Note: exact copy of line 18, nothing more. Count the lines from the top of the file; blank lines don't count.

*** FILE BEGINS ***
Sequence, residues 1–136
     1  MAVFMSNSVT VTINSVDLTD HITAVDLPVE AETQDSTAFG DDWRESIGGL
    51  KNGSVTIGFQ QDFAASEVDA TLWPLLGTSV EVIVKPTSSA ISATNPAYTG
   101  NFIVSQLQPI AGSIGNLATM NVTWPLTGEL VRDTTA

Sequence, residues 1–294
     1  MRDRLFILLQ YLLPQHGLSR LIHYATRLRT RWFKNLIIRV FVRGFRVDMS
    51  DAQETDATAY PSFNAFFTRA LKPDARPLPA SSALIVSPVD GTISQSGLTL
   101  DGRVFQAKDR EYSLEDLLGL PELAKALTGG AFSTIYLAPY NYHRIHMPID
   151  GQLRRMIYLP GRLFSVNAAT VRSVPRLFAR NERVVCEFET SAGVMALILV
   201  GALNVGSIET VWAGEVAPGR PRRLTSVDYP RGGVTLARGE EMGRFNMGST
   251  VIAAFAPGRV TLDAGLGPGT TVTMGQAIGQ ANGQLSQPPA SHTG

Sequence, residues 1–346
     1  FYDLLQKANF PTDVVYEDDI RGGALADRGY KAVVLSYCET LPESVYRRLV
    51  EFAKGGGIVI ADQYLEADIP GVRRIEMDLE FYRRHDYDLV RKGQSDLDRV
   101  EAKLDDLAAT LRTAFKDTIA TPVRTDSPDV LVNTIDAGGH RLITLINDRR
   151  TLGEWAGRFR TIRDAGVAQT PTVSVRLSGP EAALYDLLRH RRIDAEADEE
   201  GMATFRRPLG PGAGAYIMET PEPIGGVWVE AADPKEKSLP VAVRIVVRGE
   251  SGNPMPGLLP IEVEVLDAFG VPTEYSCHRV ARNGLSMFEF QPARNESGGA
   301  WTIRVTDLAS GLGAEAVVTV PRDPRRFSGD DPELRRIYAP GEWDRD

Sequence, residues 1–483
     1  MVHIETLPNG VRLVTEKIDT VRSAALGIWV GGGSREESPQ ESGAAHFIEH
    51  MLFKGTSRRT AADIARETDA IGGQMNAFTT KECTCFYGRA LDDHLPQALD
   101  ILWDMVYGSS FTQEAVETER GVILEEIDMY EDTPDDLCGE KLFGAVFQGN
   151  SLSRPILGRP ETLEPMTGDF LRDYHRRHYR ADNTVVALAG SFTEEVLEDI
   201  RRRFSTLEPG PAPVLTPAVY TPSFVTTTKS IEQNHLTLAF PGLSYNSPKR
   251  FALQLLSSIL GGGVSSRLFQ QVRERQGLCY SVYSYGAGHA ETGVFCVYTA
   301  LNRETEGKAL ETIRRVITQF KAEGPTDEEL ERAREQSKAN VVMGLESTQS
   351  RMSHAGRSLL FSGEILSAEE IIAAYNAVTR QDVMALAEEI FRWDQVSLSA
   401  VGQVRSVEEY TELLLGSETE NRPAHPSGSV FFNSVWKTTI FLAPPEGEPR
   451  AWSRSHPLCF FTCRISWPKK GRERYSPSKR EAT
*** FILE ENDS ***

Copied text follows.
   251  SGNPMPGLLP IEVEVLDAFG VPTEYSCHRV ARNGLSMFEF QPARNESGGA